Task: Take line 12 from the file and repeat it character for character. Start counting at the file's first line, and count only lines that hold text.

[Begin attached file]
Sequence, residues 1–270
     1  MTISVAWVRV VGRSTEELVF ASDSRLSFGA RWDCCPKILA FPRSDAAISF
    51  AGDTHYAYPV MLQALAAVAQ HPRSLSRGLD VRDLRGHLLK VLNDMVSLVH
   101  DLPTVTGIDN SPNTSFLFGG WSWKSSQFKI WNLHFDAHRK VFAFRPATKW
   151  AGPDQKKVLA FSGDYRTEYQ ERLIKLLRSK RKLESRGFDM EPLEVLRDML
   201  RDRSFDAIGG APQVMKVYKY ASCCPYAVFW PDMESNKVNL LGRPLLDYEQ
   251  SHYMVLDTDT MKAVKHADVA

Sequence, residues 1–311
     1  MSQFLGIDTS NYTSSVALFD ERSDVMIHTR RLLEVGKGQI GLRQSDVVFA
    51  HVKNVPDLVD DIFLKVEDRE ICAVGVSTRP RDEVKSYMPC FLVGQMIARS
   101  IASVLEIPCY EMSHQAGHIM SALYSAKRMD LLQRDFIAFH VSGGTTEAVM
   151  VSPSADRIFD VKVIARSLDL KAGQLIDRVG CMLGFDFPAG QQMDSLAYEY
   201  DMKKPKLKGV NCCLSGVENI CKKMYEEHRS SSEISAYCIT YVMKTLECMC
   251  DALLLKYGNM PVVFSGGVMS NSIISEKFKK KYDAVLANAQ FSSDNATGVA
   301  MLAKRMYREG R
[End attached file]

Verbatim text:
   151  VSPSADRIFD VKVIARSLDL KAGQLIDRVG CMLGFDFPAG QQMDSLAYEY